Hildegarde

Jane Haddam’s WordPress weblog

The Slow Burn

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Hi.

I’m going to get off on a little tangent today, and I’ve got no idea if I spelled that correctly. 

But the term has just about started, and I’m about ready to explode.

First, you have to understand that I don’t teach to make a living.  My actual full time job, and the one that pays me the significant part of my income, is the writing I do, both the books and the magazines I sometimes work for, and the things that come out of that work, like the occasional speaking engagement. 

I started teaching about ten years ago on a part time basis mostly in order to get out of the house and have people to talk to.  Bill had died, and I had two young children.  I was living out in the middle of nowhere.  I almost never got to talk to adults.  My friends and my work life was in New York, and New York was not around the corner.

The place I chose to teach at was a small institution close to where I live, where I knew people on the faculty.  It was, and is, also a place that admits many students from what can only be called “low performing high schools”–meaning high schools that don’t teach their students much.  Some of these students are local, and some come from fairly far away.  There’s a significant population out of inner city New York City, and especially from schools around Crown Point. 

Even when I originally started teaching there, this was probably the worst gig in the area–it pays literally half of what I could get at the local community college, for instance, and the student population is (as I’ve noted here several times) deeply depressing. 

I think my idea, when I started, was that I could be of use to the students who walked into my classroom.  It’s very rare that somebody with my credentials is willing to teach in a place like this, never mind somebody with my publishing record. 

A couple of years ago, however, this school was taken over by a group of people that changed it from a nonprofit to a for-profit institution, and with that change came a number of other changes that have been driving me completely nuts. 

One of those changes has been in the approach to the students.  We’re putting enormous pressure on retention, and because of that there’s also enormous pressure to get people to pass. This has resulted in policies towards things like student attendance and late assignments, so that we now approach college students in a way that I would find excessively restrictive in high school.

But the biggest difference has been in the policies pertaining to adjuncts–and this place is virtually all adjuncts.  There was, last I checked, exactly one full time member of the English department in a small university that probably runs twenty English course sections a term.

The first indication that things were going very wrong had to do with a copier, of all things, on the second floor of the building where most English classes were held.  One morning,we all got e-mails telling us that the passwords for that copier had been changed, that it was to be used by full time faculty only, and that adjuncts should walk halfway across campus to the library if there was anything they wanted to copy.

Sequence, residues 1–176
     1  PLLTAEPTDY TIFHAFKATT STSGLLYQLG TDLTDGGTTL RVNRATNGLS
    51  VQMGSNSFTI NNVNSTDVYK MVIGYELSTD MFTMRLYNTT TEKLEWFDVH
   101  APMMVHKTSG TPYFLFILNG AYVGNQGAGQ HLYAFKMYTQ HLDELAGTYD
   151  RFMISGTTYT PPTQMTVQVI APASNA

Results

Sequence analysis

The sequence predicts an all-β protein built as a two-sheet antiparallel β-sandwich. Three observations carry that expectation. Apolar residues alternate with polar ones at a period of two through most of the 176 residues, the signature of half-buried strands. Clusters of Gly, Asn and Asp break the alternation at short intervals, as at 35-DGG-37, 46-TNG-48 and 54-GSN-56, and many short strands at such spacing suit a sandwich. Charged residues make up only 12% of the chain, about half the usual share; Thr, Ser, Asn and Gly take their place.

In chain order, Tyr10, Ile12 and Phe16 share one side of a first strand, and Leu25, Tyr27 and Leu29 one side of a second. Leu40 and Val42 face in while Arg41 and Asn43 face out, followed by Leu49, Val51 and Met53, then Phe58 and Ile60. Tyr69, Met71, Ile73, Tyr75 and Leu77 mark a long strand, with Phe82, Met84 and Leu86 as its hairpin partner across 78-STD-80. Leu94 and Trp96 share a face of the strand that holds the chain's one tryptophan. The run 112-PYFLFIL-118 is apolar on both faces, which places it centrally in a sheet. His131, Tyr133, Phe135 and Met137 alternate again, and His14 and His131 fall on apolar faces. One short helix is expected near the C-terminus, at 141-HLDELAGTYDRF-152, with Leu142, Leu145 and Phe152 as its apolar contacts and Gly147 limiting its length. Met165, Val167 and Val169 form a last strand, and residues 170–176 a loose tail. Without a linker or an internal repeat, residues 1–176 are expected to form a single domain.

It was the kind of petty crap that drives me right up the wall, but it was petty crap, and I thought I had a good idea of who was probably behind it, so I wrote it off as adolescent bullying and got back to work.

The petty crap kept coming, though, and after a while it was no longer so petty.

First was the supplies issue–full time faculty could get supplies from the school, but adjunct faculty were required to buy their own.  Grade books, markers, smart markers for use on the white boards, pens, paper, paperclips–if you’re here full time, the college gives them to you, if you work here part time and need something, tough luck.  Pay for it yourself. 

Second are the services–not only are adjuncts restricted to a single copier in an inconvenient location, but only full time faculty can get their copies made by the university copy department.  If you have a lot of big jobs to do that the library copier can’t handle, and you’re part time–well, better head for Staples and pay for it yourself, because that’s the only way it’s going to get done. 

Third was the situation with parking.  There had always been some spaces in the faculty parking lot that were reserved for particular full time faculty, but now virtually all of them were so marked off, and the college began to threaten that anybody else in “full time” spaces would get towed.

This is a bigger thing than you’d think, because there really aren’t any other lots close to where English adjuncts teach, and most of them are student lots which require a good long hike to campus. 

But the kicker came at the start of this term.  From now on, adjunct faculty–but not full time faculty–most agree to an “investigative credit background check,” and in doing so sign away the right to sue or otherwise bring a complaint for the way that information is used.

It’s not the background check in itself that bothers me.  It’s the fact that it’s ONLY applied to adjunct faculty.

Now, the simple facts of the matter are this:

First, I’ve got significantly better credentials than most of the people who work here full time. 

Second, I can get paid better virtually anywhere else in the area.